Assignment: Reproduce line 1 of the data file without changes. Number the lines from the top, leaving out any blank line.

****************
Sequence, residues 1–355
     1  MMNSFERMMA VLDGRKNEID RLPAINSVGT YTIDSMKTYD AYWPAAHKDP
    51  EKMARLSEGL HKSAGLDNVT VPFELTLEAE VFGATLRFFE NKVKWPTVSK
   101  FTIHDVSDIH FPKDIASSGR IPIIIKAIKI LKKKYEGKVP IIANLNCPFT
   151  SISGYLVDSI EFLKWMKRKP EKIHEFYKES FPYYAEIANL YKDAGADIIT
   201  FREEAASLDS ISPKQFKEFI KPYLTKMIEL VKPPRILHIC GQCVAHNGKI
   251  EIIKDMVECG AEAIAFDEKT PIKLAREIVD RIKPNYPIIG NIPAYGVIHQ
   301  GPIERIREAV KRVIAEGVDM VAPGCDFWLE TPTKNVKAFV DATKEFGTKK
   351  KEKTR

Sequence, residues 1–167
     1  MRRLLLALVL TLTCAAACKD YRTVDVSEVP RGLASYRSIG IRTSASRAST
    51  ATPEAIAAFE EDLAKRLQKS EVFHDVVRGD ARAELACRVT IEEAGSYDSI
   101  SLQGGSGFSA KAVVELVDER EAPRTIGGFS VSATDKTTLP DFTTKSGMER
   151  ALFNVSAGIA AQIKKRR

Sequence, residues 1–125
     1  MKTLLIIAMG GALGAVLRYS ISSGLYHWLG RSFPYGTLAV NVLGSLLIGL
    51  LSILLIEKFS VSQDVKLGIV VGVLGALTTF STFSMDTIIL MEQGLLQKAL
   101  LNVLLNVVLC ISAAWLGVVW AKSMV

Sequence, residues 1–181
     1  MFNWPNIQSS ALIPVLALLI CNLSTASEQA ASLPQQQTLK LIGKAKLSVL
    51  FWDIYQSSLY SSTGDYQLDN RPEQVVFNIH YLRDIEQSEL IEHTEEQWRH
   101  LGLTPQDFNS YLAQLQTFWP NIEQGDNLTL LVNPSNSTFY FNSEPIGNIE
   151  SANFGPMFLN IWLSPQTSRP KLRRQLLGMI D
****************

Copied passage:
Sequence, residues 1–355